You are at Toxics Alert > Interview > Relevance of environmental journalism in today's world
Toxics Alert, an environment news bulletin from toxics link Toxics Link
Issue 92
, 2019
View issue number:
  Home  |  Editorial  |  Feature  |  Interview  |  News  |  Policy  |  Updates  |  Reports / International News  |  Partner

* INTERVIEW

Relevance of environmental journalism in today's world

Source: Dispatch-54, Date: , 2019

Mr. Arjun Dhakal has more than eighteen years of experience in the environmental and development sector. Throughout his professional career and academic background, he always concentrated in the areas of advocacy and research on Green growth and governance, public participation, natural resource conservation, energy, climate change adaptation, environmental health etc. He has been working with interest in interdisciplinary issues of scientific and policy-related territory. Currently, he is working as a senior environmental expert with SEEPORT based in Kathmandu and is also involved in different social and environmental assignments. He is the convener/moderator of Nepal Network for Sustainable Development (NNSD) since 2006, a well-recognized policy forum, where about 4000 people have been engaged in policy discourse from different fields including politicians, policy makers, diplomats, media and academicians. In the past, he has also worked as a consultant with various organizations like UNDP,UNEP, UNESCO, World Bank, IUCN, Asian Development Bank (ADB), SDC/SECO, IIED and Asian Institute of Technology (AIT) Bangkok. He was also the Executive Director of NGO Federation of Nepal and Executive Director of Rural Self-Reliance Development Centre (RSDC).In an e-mail interview with Toxics Link's Ipsita Baishya he talks about the role of environmental journalism in promoting public awareness and engaging policymakers for a greener tomorrow.

Q1.How relevant is Environmental journalism in today's world?

Well, I think the role of environmental journalism or communication has been increasing more now than ever before. The air we breathe is polluted, the water we drink is contaminated, the food that we eat has more pesticides and is toxic, disasters and their vulnerability have been increasing, we produce more waste than Nature’s carrying capacity. At this stage of emergency, only media and journalists can help in informing the general public about the environmental degradation and influence policy makers and business communities to work towards protecting the environment before it's too late.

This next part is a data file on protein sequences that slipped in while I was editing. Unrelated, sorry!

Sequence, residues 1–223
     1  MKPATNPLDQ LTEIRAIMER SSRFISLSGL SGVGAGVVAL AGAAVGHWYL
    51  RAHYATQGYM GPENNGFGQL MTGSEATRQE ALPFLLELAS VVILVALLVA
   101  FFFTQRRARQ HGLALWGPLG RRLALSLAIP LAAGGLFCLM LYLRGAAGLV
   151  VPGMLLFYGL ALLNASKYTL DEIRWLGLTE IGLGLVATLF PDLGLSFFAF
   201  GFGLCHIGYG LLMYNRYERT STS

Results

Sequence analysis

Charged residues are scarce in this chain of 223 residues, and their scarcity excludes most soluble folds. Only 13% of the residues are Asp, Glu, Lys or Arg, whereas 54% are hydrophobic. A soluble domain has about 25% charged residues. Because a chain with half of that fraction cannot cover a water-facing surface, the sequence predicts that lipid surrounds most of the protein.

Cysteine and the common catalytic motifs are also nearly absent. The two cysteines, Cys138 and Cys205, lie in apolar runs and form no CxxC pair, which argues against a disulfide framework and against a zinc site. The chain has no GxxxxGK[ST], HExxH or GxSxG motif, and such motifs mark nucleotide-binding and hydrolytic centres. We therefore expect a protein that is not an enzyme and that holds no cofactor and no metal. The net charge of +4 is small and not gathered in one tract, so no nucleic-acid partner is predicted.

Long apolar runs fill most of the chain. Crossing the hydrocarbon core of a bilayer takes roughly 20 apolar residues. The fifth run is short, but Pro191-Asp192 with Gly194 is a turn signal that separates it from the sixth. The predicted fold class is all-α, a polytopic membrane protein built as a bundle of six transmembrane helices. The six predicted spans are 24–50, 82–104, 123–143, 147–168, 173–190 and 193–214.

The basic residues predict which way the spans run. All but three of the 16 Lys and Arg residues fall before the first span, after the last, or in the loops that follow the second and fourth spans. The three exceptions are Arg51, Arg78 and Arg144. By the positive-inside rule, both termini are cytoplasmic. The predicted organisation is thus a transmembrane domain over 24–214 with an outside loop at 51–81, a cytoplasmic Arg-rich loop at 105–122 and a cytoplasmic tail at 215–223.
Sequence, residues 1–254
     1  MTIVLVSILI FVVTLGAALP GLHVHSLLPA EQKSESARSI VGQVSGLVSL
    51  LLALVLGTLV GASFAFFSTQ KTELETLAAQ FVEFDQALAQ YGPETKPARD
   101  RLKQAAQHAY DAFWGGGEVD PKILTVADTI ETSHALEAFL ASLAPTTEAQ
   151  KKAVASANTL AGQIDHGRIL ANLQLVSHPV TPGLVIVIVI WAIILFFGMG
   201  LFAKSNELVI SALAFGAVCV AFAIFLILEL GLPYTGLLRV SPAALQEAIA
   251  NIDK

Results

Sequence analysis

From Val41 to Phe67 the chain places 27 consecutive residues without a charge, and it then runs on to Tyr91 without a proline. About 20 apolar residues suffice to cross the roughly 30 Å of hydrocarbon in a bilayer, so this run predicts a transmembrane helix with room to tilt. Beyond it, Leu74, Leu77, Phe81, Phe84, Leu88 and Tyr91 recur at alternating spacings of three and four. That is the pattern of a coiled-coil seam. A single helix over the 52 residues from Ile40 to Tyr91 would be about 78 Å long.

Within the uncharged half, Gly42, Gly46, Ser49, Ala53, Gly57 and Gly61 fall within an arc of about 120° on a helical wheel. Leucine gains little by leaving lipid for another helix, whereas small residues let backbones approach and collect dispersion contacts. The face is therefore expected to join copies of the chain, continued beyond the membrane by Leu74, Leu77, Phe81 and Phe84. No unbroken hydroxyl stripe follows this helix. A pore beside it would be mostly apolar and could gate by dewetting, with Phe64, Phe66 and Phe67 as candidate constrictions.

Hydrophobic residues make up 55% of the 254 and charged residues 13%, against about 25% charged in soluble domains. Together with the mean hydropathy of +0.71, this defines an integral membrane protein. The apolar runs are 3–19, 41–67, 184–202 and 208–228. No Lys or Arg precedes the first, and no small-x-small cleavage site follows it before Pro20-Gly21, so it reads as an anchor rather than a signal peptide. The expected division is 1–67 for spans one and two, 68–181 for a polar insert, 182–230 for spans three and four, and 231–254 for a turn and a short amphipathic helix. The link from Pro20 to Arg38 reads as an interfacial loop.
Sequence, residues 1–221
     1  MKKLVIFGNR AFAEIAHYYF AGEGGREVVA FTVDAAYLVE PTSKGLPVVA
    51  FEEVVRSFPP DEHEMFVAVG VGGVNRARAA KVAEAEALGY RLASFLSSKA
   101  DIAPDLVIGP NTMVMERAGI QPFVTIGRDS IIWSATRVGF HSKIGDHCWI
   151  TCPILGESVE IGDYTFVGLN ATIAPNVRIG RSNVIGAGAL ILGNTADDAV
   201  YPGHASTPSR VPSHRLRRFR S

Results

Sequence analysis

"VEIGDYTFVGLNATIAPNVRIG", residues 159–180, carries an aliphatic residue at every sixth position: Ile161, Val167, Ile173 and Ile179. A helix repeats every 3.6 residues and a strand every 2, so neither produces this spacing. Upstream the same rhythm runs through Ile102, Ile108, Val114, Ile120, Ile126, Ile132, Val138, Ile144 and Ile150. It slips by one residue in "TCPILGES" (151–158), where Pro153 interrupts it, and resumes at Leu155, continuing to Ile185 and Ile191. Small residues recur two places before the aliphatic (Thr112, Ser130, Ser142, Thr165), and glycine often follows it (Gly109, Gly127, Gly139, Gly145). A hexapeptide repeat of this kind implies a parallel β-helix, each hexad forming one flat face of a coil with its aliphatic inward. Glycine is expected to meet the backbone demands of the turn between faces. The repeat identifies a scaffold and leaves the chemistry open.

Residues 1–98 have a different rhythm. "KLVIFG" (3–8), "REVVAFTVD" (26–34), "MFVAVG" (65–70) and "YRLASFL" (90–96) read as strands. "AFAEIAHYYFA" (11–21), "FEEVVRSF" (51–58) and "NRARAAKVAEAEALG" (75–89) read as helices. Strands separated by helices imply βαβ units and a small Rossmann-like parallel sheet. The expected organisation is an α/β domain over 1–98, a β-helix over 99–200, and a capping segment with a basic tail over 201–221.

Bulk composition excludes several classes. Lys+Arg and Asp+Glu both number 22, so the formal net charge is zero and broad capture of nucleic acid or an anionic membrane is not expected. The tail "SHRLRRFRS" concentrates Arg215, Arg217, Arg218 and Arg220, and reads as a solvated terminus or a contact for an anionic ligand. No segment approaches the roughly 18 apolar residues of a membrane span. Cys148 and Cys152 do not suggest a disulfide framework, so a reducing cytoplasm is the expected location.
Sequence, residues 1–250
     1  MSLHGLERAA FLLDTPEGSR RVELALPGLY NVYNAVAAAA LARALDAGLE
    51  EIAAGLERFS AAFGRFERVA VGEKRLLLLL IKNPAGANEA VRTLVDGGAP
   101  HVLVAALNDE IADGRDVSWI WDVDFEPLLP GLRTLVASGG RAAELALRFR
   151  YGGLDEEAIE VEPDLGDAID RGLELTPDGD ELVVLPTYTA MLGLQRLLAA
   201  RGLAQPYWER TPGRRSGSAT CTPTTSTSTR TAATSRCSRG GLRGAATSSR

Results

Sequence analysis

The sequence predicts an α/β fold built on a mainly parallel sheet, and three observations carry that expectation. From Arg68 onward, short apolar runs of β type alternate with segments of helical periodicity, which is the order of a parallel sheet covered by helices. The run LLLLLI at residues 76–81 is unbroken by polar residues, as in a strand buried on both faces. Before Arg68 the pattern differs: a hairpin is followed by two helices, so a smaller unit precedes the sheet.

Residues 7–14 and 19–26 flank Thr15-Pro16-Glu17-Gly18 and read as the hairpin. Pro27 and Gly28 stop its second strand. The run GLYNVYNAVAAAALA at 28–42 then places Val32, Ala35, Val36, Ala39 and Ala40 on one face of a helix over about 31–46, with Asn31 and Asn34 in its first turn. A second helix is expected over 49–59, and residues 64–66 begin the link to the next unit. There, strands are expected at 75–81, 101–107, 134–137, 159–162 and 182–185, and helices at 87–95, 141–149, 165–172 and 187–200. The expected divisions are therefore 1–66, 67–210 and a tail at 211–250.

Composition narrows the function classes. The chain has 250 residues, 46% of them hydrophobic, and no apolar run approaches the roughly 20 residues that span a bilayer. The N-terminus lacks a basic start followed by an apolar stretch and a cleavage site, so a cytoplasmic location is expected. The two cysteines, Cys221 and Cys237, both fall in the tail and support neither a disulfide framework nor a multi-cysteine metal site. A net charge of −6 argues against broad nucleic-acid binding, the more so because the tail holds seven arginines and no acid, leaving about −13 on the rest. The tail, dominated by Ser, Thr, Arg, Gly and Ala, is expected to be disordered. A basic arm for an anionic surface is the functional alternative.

Q2. What is the role of the media in engaging policymakers?

Very important of course! It is only the media that can help build public opinion to influence policy makers and can play a crucial role in pushing for pro-environmental policies. For example, if environmental journalists make evidence-based stories on how our surroundings are getting polluted day in and day out and the ones causing it  irreversible damage, that really creates pressure on the policymakers to think about public life and makes it imperative for them to adopt environment-friendly policies. At the same time, the media can act as a link between the policymakers and the conscientious public and facilitate two-way communications too. This kind of vertical and horizontal communication inevitably makes them more responsible and accountable.  

Q3. How can we promote environmental awareness?

Providing fact and evidence-based information by all media channels is critical. This is not so easy always; but we need to have regular dialogues and communication with the scientific community and link them with social problems. In another way, regular society-policy-science dialogues helps to develop awareness at all levels. Technologically, we need to use all available mainstream media and social media to engage all interest groups and communities. Just take an example-conventional media is still effective for policy makers of the older generation and new age media like YouTube, Instagram etc are more efficacious for the younger generation, which are mostly consumers and voter groups. The new challenge for a toxic-free world is that all that we get today as consumers is from the farm to the table and factory to pocket. The issues are multi-dimensional and everywhere nowadays demand and supply cater to wide varieties with high volumes. Therefore, the awareness strategy also should be a multi-pronged one at the global level as well as the local level. 

Q4. Your take on IPEN's vision of a toxics-free future for the South Asian region?

South Asia is the home to half of the world's impoverished people and half of the world's illiterate population reside here too. So we have huge challenges for a toxic- free south Asia now. But for a better future, we have some underlying opportunities and advantages as well in that half of the population is under 25 years of age and this is the largest democratic region of the world. Therefore, we need to work hard to create awareness towards environmental protection amongst politicians; policy makers and the general public together to bring the dream come true. Only challenge for us is that we need to be more innovative.

Q5. What do you think are the big challenges for environmental coverage?

Firstly, lack of data and evidence!  We know the science but we need facts and figures to convince people to join the bandwagon. We need powerful stories to share with people. Secondly, the market force. The producer/polluters are much powerful to control and manipulate the media and often they are hand in glove. It is always difficult to get easy coverage in mainstream media on environmental issues which normally reports against indiscriminate profit-making business entities or manufacturers and dealers.

Home  • FEATURE  • INTERVIEW  • NEWS  • POLICY  • UPDATES  • REPORTS / INTERNATIONAL NEWS  •